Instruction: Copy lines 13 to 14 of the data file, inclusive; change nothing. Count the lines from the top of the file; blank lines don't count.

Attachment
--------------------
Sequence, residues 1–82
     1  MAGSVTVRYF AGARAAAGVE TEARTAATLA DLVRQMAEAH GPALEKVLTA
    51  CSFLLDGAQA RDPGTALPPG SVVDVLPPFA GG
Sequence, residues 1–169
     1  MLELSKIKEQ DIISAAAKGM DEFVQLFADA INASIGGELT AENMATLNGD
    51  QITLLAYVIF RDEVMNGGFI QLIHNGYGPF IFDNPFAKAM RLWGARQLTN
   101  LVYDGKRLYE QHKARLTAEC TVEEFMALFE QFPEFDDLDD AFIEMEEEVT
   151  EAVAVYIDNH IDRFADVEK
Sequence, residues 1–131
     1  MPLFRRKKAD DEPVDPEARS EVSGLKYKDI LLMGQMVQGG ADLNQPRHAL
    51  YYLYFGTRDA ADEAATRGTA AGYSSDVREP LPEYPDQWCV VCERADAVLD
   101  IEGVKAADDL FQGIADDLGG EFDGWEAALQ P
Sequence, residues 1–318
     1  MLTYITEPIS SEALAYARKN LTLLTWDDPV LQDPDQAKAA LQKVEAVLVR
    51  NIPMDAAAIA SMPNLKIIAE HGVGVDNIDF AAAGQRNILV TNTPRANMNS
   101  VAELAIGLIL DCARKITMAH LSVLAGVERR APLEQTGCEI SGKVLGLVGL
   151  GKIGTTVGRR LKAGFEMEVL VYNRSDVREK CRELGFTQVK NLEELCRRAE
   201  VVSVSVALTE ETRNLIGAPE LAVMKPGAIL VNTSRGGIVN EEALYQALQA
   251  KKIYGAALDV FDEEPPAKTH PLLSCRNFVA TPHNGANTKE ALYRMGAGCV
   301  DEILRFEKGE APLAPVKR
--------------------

Sequence, residues 1–318
     1  MLTYITEPIS SEALAYARKN LTLLTWDDPV LQDPDQAKAA LQKVEAVLVR